Update 15/3/2006: Phuntsok Nyidron arrives safely in the USA
Ven. Phuntsok Nyidron was born in 1968 in Gachoe district in Phenpo, Third Village, West of Tibet’s Capital Lhasa. She attended a village school but she did not continue her studies due to inadequate education facilities in her village.
In 1986 she joined the Mechungri nunnery, in central Tibet, which was under the administration of the Lhasa People’s government, and it was here that Ven. Phuntsok Nyidron was able to study Buddhist philosophy. However, with the increasing interference by Chinese authorities in the religious affairs of the nunnery, Ven. Phuntsok Nyidron became a political spokesperson and activist for the rights and freedoms of the Tibetan people.
The Chinese Work-Unit Teams came frequently to the nunnery, to give political education to the nuns. (This is a common practice in Tibet and often nuns and monks are subjected to long political lectures heralding Marxist ideologies and denouncing His Holiness the Dalai Lama). Ven. Phuntsok Nyidron was the first to show indifference to these “re-education” sessions and then to confront the Work Unit-Team for interfering in their religious activities.
She advocated freedom of speech, greater freedom of movement and an end to Chinese rule. She was very vocal in criticizing the Chinese policy in Tibet. She is and always has been an intrepid human rights fighter.
In October 14, 1989, Phuntsok Nyidron led a peaceful demonstration in the Barkhor area in the old town of Lhasa, calling for an end to the Chinese occupation in Tibet. The demonstration took place three days after Tibetans inside Tibet heard the news that the Dalai Lama had been awarded the Noble Peace Prize. As a consequence of the demonstration 14 nuns were arrested, amongst them was Phuntsok Nyidron. In an article published in the Tibet daily (Chinese -Tibetan language newspaper), on October 18, 1989 Phuntsok Nyidron was described as “the ringleader” of the 14 nuns. Apparently she was suspected as the ringleader because in the nunnery she was the storekeeper who had more responsibility than the other nuns were, over the administration of the nunnery. Five of the nuns involved in the demonstration were sentenced to three years administrative detention, but Phuntsok Nyidron was taken to court for trial forced to confess and then give a sentence of nine years.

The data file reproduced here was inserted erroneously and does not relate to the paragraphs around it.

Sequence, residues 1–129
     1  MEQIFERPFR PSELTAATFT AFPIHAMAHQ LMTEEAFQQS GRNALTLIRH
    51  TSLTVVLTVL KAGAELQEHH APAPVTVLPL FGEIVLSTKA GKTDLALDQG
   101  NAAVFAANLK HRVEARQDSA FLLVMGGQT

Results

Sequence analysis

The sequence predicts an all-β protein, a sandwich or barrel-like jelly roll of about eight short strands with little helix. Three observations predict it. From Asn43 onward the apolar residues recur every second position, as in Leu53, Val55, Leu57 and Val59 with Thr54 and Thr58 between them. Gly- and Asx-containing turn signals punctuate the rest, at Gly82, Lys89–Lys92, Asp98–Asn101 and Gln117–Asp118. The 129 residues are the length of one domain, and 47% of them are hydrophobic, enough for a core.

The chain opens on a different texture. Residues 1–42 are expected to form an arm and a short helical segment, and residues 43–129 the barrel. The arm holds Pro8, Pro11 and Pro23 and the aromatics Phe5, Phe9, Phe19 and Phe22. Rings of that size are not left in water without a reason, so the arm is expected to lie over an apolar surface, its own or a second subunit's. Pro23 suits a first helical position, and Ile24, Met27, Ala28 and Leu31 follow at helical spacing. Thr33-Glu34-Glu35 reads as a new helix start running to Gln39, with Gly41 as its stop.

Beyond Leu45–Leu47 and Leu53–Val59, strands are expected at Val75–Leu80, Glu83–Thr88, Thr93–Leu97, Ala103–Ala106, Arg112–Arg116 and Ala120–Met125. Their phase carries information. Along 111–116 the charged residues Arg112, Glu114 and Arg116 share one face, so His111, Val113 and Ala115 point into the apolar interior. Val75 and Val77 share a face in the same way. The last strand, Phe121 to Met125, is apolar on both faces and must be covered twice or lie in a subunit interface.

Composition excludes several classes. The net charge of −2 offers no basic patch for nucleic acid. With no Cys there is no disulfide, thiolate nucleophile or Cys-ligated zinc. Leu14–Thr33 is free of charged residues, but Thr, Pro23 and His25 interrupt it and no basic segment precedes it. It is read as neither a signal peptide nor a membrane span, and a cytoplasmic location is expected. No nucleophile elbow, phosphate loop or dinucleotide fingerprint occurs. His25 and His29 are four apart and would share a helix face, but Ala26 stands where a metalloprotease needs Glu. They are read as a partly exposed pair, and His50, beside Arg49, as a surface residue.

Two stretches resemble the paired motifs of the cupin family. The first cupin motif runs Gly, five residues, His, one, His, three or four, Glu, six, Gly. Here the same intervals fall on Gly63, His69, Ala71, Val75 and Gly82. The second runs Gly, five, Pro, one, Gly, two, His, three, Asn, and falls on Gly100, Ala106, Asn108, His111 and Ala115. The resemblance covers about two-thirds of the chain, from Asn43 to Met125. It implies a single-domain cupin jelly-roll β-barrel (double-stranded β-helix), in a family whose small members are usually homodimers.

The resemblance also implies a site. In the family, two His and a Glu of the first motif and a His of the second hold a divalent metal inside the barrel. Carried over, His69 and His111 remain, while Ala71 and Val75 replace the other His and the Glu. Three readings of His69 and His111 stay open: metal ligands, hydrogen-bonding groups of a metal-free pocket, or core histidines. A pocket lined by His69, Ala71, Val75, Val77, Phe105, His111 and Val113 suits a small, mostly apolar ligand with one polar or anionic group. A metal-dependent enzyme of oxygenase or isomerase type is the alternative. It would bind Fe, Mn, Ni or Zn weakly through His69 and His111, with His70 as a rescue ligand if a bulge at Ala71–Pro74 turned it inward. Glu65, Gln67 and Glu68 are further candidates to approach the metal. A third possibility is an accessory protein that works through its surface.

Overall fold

According to her testimony received by the Human Rights Desk, she was kicked and beaten during the arrest and later given electric shocks on the hands, shoulders, breasts, tongue and face. During interrogation she was suspended for at least fifteen minutes from the ceiling by her hands, which were handcuffed behind her and she was then beaten with iron rod whilst in this position. The prison authorities tried to force her to write a confession but she refused to comply.
On October 8, 1993, she sang a song in prison with 13 other nuns, dedicated to the independence of Tibet and applauding His Holiness the Dalai Lama in front of the Chinese prison police. These songs were successfully recorded on a borrowed tape recorder, smuggled out of prison and circulated among the general Tibetan population. On the tape each of the nuns announces their names and then dedicated a song or poem to their friends or supporters. One nun sings: “All of you outside who have done all that you can for us” It was because of this song that her sentence was extended to eight more years in Drapchi prison. She is now the longest serving, known, woman political prisoner in Tibet.
However, according to Chinese authorities these songs were “counter-revolutionary” and Phuntsok Nyidron’s sentence was increased by eight years. 35 year old Phuntsok Nyidron is now serving a total sentence of 17 years and she is the longest know serving female political prisoner of conscience in Tibet.
A nun who was imprisoned in Drapchi for five years with Phuntsok Nyidron (and is now living in exile in India) claims that when she was released in 1994, Ven. Phuntsok Nyidron was at that time very weak and suffering from very poor health. She has constant problems with her kidneys and epigastria pain, and had become severely hunched. She also reported a great deal of pain.
In the words of the imprisoned nuns:
I sing a song of torment
From Drapchi Prison
Of Tibet … I sing in my song
Our land of the Dharma has now become a prison camp
Today, though I’ve been put in prison
My spirit will never be discouraged
Oh How Sad!
The barbarians have beaten us horribly
We have no independence
We are oppressed by the barbarians,
Our minds … Will come from Drapchi Prison
Through thee blessings of the Dalai Lama
We are in a state of happiness and peace.